After my short journey through northern India, I spent a few more days in Nepal. A visit to the birthplace of Buddha in Lumbini, a safari through the Royal Chitwan National Park, a few relaxing hours in Pokhara and a final tour of Kathmand were planned.
After the many urban impressions in Delhi, Jaipur, Agra and Varanasi, I was really looking forward to being able to experience a little more landscape and nature in Nepal.
But it all started with some culture in Lumbini. The place is about 30 km north of the border with India and is considered the birthplace of Siddhartha Gautamas, the founder of Buddhism.
It is said that Buddha was born here in 563 BC. during a journey of his parents. However, the information regarding the place and time of his birth are very controversial.
From Lumbini we went about 130 km east to the edge of Chitwan National Park, where we spent two nights in a small Tharu village. The safari in the national park was definitely a recommendable experience, but the highlight of this stage was undoubtedly the forays through the rural village, with all the many impressions of life and Tharu, in their sometimes very simple wooden huts and sometimes quite colorful stone houses.
Pokhara presented itself completely differently 150km further north. With more than 300,000 inhabitants, it is the second largest city in the country after Kathmandu and, due to its geographical location, it is an ideal starting point for many trekking tours in the adjacent Himalayan mountains. The tourist density and the range of bars, trekking shops, etc. is therefore quite high. A special highlight is undoubtedly the view from the 1600m high mountain Sarangkot, which borders directly on the city. From here you have a fantastic view of the Annapura mountain range with its several 8000m peaks. So we set off very early in the morning and looked for a cozy spot from which we could enjoy the sunrise, which colored the snow-capped peak of the tenth highest mountain on earth in a rich red.
Back in the Pokhara Valley, I decided to take a boat tour across Phewa Lake and a short walk to the World Peace Pagoda, 300m higher, which offers a very nice view of the city.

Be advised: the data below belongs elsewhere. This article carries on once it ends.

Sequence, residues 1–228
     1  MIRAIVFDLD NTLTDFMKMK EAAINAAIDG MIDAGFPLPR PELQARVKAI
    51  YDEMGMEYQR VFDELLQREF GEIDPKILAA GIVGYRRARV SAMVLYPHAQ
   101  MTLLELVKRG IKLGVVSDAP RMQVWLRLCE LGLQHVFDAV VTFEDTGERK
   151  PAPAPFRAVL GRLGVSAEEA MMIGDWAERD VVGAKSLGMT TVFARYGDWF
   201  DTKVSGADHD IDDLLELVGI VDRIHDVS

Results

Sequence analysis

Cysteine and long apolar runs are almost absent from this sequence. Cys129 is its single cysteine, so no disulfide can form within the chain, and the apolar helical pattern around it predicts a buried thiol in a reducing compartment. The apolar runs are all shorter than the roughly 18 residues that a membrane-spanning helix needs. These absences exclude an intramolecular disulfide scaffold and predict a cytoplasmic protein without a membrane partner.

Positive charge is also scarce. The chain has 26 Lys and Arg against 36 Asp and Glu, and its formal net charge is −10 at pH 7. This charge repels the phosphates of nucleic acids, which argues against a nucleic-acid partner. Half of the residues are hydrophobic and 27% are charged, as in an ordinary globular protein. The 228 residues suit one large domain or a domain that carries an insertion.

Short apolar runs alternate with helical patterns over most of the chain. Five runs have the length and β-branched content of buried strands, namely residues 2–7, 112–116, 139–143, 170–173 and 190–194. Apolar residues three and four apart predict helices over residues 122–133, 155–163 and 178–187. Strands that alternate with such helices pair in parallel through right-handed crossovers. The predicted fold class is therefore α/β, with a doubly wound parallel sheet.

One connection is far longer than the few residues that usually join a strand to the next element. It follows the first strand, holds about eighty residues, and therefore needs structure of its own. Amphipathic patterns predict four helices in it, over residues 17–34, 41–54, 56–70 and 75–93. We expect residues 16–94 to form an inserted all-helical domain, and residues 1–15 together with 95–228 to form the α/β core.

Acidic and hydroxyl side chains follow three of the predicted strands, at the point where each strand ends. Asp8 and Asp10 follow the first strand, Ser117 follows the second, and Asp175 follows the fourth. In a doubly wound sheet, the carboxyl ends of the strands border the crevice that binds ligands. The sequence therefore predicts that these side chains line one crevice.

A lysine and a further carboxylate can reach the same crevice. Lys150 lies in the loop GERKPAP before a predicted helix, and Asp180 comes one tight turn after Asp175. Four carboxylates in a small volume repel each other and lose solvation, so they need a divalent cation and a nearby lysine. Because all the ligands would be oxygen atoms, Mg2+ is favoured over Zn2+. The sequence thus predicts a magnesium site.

The last stop on my journey through Nepal was Katmandu, 200km south-east, which we reached after a 6-hour bus ride. The closer we got to the city, the more the effects of the severe earthquake of 2015 could be seen, the epicenter of which was just 80km northwest of the capital and which, with a magnitude of 7.8, cost the lives of well over 8000 people. While intensive work was carried out over many kilometers to remove the road damage, many houses appeared only very poorly repaired or not repaired at all. The Katmandu Valley will undoubtedly need many more years to recover from this catastrophe. However, many cultural assets are lost forever. For example, 50 pagodas, temples and palaces in Kathmandu were damaged or destroyed.
Fortunately, one of the main shrines of the Hindus and Buddhists of Nepal, the Swayambhunath temple complex, was largely preserved. We stopped there first and admired, among other things, the gigantic all-seeing eyes of Buddha on the gilded stupa, which are directed in every direction and can be seen far beyond the borders of Kathmandu. Also known as the Monkey Temple, the complex is two and a half thousand years old, making it one of the oldest Buddhist temples in the world.
All the following impressions are taken partly from the old town of Kathmandu, partly from the Royal Palace Square (Dubar Square), where however many of the once 50 pagodas, temples and palaces were destroyed by the earthquake, and partly from the Pashupatinath temple district, which is just outside of Kathmandu is on the Bagmati River and where, similar to Varanasi in India, the mortal remains of devout Hindus are cremated.
As the final highlight of my trip to Nepal, I had actually planned a flight to Mount Everest on the last day. However, this had to be canceled due to bad weather conditions and so I only had this last view from the airliner of the gigantic Himalayan massif, whose mountain peaks rise far above the cloud cover and are wrapped in the white of their eternal glaciers.